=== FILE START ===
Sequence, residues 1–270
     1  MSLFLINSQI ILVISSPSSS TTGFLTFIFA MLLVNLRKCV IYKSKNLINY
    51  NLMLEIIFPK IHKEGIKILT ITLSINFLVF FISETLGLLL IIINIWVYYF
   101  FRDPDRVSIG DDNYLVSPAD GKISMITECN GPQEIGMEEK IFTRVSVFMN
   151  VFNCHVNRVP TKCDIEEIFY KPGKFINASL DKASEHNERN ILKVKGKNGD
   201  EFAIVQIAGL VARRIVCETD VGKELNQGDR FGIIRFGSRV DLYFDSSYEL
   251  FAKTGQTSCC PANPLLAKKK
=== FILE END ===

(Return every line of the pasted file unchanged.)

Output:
Sequence, residues 1–270
     1  MSLFLINSQI ILVISSPSSS TTGFLTFIFA MLLVNLRKCV IYKSKNLINY
    51  NLMLEIIFPK IHKEGIKILT ITLSINFLVF FISETLGLLL IIINIWVYYF
   101  FRDPDRVSIG DDNYLVSPAD GKISMITECN GPQEIGMEEK IFTRVSVFMN
   151  VFNCHVNRVP TKCDIEEIFY KPGKFINASL DKASEHNERN ILKVKGKNGD
   201  EFAIVQIAGL VARRIVCETD VGKELNQGDR FGIIRFGSRV DLYFDSSYEL
   251  FAKTGQTSCC PANPLLAKKK